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U.S. President Woodrow Wilson delivers a speech to the joint session of Congress in Washington, on April 2, 1917.The Associated Press

There’s probably one person you turn to, over and over again, when you need advice on work decisions. It might be a leadership coach or consultant, but more likely it’s your spouse, a trusted colleague, long-time counsellor, mentor or friend. Everyone needs someone to help sort through dilemmas.

Not much attention is paid to this advice relationship, even though it’s all around us. It’s a highly individualized, informal outgrowth of our needs and the wisdom, judgment and temperament of people we meet and keep close to us.

Two recent books on advisers to American presidents offered insights into this tricky role when played out at the highest levels of power. Join me in a trip through history that illuminates today.

Woodrow Wilson had 10 key advisers in his time as president of the United States, according to historian Charles Neu’s The Wilson Circle, and the makeup of that large constellation gives a sense of where counsellors can be drawn from. Two were wives, first Ellen and after her death, Edith Bolling Galt, who is assumed by many to have served as the country’s leader when he suffered a stroke and she blocked others from seeing him, issuing orders declaring “the President wants.”

Four were trusted operating officials, in his cabinet or near-cabinet: secretary of the treasury Williams Gibbs McAdoo, secretary of the Navy Josephus Daniels, secretary of war Newton Baker, and industrialist Bernard Baruch, who came on board to oversee economic mobilization as chair of the War Industries Board. The treasury secretary was thought to deliberately increase his influence by marrying the president’s daughter.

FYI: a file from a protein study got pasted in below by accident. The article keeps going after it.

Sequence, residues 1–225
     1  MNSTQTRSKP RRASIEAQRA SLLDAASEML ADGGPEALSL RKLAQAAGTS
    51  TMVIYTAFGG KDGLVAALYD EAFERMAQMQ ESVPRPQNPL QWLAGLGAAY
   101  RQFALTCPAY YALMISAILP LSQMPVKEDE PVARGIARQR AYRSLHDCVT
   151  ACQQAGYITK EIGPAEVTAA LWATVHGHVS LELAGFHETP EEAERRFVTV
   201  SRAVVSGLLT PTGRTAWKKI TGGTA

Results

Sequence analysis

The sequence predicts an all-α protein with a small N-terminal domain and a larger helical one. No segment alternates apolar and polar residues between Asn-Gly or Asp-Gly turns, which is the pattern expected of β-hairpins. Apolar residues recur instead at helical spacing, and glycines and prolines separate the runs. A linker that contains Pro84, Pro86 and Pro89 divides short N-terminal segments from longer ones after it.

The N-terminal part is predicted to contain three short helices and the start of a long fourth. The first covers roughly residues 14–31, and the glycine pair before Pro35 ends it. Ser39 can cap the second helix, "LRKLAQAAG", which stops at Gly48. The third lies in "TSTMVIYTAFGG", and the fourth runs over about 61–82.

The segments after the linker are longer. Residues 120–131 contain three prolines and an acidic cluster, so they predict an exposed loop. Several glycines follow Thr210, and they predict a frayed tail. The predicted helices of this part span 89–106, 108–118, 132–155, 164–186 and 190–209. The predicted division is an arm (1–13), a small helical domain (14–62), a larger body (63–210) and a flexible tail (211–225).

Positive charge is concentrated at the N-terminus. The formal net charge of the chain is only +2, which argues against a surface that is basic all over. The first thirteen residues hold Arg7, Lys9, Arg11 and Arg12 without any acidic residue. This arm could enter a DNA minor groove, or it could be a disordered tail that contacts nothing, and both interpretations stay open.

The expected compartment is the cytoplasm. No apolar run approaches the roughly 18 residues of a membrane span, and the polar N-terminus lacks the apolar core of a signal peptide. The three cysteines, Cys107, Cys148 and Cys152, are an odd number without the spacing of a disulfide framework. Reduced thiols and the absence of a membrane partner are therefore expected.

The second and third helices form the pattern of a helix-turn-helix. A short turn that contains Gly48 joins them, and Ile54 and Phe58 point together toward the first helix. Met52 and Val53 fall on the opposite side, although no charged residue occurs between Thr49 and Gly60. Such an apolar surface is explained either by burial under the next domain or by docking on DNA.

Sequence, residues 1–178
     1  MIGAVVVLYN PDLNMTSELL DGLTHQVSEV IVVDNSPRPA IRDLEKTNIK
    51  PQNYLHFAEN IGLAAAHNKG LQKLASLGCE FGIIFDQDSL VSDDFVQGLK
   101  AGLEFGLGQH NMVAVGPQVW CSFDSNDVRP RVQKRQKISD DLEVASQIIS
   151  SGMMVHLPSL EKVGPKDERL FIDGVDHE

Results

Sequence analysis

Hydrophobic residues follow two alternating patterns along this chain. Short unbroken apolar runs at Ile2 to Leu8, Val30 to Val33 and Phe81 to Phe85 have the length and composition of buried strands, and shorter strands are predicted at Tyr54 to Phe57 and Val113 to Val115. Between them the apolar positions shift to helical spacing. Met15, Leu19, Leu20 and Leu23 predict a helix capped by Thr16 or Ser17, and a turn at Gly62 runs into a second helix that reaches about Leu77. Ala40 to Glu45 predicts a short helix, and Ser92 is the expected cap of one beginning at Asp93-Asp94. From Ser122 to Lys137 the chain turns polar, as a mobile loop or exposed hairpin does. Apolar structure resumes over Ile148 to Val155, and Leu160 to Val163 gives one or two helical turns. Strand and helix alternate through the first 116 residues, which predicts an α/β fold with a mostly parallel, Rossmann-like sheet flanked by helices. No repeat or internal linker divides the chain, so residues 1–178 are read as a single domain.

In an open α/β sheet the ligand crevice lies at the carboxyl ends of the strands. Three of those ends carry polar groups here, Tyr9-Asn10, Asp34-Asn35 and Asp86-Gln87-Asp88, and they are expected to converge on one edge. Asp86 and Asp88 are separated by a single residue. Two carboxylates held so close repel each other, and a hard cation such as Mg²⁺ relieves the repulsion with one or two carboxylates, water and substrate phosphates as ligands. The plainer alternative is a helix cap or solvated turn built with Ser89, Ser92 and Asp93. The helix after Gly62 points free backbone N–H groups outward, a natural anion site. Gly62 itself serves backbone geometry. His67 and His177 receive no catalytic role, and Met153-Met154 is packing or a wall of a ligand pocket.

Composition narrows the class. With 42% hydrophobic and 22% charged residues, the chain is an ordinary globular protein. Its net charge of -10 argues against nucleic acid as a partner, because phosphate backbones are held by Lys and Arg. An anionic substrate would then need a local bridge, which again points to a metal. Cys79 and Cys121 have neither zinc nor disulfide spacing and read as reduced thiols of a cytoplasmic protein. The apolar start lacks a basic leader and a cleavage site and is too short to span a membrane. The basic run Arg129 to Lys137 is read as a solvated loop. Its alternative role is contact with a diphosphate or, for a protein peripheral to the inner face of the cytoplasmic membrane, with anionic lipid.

One unusual adviser was Gary Grayson, the physician Mr. Wilson inherited from his predecessor, who regularly lunched and golfed with the new president, a neat entry point for access and influence. Joe Tumulty, who served as Mr. Wilson’s secretary when he was governor of New Jersey, continued in that role during the presidency – the classic, young executive assistant with advice to offer. Similarly, famed journalist Ray Stannard Baker became an aide-adviser, as his press secretary at the Versailles peace talks, just as so many PR specialists do today.

The most influential, after the wives, was Colonel Edward House, a wealthy Texas political operative who bonded firmly with the President in their first meeting; Mr. Wilson said it was as if they had known each other forever. He was later to call Colonel House his “most trusted friend,” the only one in the world to whom he could open his whole mind. The quintessential adviser.

Indeed, when the President decided to marry Ms. Galt, he sought Colonel House’s opinion on whether that was politically acceptable and when to announce it to the public. Intriguingly, when the marriage between Bill and Hillary Clinton was on the rocks in 1998, following the admission of his relationship with Monica Lewinsky, the President turned to a modern-day equivalent of Colonel House, best friend and counsellor Vernon Jordan, to persuade his wife to stay in the marriage, according to Gary Ginsburg’s book First Friends.